NEW DELHI: There is growing recognition that India is regaining its growth momentum as it records an accelerated pace of economic recovery from the pandemic. With the big banks, investor advisory groups and credit rating agencies revising their GDP forecasts for the next fiscal year while lowering estimates of economic contraction for this fiscal year, the rebound is surely well on track.
To be fair, some of the previous assessments were too pessimistic and assumed a gradual pace of economic normalization even as the rest of the world witnessed a faster recovery. Thus, a reassessment has been given but nevertheless welcome.
However, despite recent upgrades, many continue to challenge the conventional belief that India’s economic recovery is widespread and lasting in nature. It is important that we look at the underlying data and relate it to actions taken by the government with the sole objective of reviving the Indian economy. It is also essential to note that economic activity will generally recover faster than employment figures, as labor markets tend to lag. Indeed, most companies face costs associated with hiring (and firing) and prefer to adjust working hours before adjusting employment numbers. It is therefore encouraging to see unemployment figures, including those in urban areas, lower than they were at the end of the previous fiscal year.
There is of course the prospect of a decline in the labor force participation rate, but the labor market points to the prospect of a cyclical recovery that will result in job creation at a faster rate than previously. was initially estimated. Critically, the new scheme subsidizing part of EPFO’s contribution for unskilled workers will greatly benefit those at the bottom of the formal workforce, which in turn will have spillover effects. .
One of the reasons India’s economic momentum is likely to accelerate is the fact that most of the normalization of economic activity has been driven by the rural economy which ultimately benefited the rest of the world. ‘economy. Rural growth has gained momentum and bodes well for the Indian economy as it kicks in one of the engines. Interestingly, even when the economy was stuck, the agricultural sector grew 3.4% in the first quarter of the current fiscal year compared to 3% a year ago. In addition, we need to recognize the strong push by government to fund asset construction, whether in the form of roads or other infrastructure projects or in the form of larger allocations to the program. affordable urban housing.
One of the key elements of the government’s stimulus response that has not received sufficient attention is the design of the aid. The design is similar in size to the programs announced by other emerging markets, but the choice of instruments is in line with those deployed by developed countries. This point was effectively brought out by Niranjan Rajadhyaksha.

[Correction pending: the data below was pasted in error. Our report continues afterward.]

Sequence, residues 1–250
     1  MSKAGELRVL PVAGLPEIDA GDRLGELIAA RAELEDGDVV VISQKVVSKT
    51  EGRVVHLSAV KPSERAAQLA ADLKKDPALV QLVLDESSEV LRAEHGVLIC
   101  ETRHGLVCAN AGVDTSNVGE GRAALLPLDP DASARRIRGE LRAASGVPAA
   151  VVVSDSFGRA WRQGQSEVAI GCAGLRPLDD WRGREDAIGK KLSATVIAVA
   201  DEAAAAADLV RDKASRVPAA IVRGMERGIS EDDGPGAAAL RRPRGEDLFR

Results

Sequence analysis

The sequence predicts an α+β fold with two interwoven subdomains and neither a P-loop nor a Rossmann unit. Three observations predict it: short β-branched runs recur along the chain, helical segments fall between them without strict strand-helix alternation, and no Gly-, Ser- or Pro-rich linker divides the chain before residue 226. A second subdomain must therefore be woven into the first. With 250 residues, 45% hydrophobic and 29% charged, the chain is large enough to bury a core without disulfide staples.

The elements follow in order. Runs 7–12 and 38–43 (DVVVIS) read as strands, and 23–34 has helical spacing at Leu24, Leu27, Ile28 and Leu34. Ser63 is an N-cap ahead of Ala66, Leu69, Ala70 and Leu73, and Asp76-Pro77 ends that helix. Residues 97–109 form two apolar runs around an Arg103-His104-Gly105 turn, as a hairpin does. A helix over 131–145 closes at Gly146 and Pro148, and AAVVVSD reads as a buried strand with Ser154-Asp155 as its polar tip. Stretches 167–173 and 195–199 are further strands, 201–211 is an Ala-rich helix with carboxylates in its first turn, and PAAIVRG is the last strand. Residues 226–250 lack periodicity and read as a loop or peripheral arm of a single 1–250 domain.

Essentially, this means that the government has refrained from excessive and inefficient use of public funds, as it limited its response to policies that would maximize the impact of the stimulus on stimulating growth while limiting spending to temporary budgetary commitments rather than making them permanent in nature. This is important because our 2008 response resulted in a lot of ongoing fiscal spending that led to a systematic deterioration in our macroeconomic fundamentals, leading many to characterize us as fragile economies.
In contrast, the government undertook a significant fiscal expansion combining automatic stabilizers, cash transfers, bank guarantees, increased spending under various programs such as MGNREGA, Food Security Act, and urban affordable housing measures. The fiscal component of each of these policies can be easily reversed, allowing India to reverse its fiscal consolidation path much earlier compared to some of the other emerging market economies – or even developed economies.
More importantly, India was the first and perhaps one of the few countries to incorporate deep structural reforms into its economic package. These reforms aim to unlock the potential for productivity in areas such as CPMAs, factor markets such as labor markets as well as other reforms that allow a greater private role in the economy in critical areas. such as coal, space technology, etc. These movements and their productivity gains will help India improve its potential growth rate. This means that India should be better equipped to maintain a high growth rate above 7% because of the productivity gains that will result from the proposed reforms. It will also help to reduce the budget deficit as a percentage of GDP and our public debt to GDP more quickly.
Strong macroeconomic fundamentals are necessary for sustained economic growth, and the government has focused on a set of responses that prioritizes the sustainability of growth over a rapid but unsustainable economic recovery from the crisis. These reforms will pave the way for a sustained growth rate of 7.5-8% over the next decade, paving the way for a much more robust and dynamic economy.
Vivek Singh is the additional private secretary to the Minister of Finance. Karan Bhasin is a Delhi-based independent economist.